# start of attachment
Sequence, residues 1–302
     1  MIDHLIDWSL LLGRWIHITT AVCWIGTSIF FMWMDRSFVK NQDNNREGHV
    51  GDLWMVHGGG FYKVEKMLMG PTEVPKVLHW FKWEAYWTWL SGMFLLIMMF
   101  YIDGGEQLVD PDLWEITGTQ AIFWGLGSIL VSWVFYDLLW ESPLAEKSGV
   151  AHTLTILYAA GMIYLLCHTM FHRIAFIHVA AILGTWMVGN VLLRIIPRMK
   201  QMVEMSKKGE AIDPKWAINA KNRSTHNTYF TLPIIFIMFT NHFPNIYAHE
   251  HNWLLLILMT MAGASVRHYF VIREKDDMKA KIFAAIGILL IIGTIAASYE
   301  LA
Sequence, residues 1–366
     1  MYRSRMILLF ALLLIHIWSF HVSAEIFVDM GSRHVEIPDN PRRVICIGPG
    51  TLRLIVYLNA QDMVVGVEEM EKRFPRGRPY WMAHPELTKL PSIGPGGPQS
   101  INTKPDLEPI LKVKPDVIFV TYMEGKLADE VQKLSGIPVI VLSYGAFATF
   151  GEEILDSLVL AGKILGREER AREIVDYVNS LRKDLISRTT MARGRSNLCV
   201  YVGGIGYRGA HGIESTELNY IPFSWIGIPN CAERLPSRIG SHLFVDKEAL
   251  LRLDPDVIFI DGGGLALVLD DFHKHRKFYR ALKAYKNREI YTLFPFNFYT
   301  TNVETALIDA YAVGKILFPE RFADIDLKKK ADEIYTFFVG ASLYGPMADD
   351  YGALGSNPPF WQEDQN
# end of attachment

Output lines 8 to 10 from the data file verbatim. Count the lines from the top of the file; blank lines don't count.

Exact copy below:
   301  LA
Sequence, residues 1–366
     1  MYRSRMILLF ALLLIHIWSF HVSAEIFVDM GSRHVEIPDN PRRVICIGPG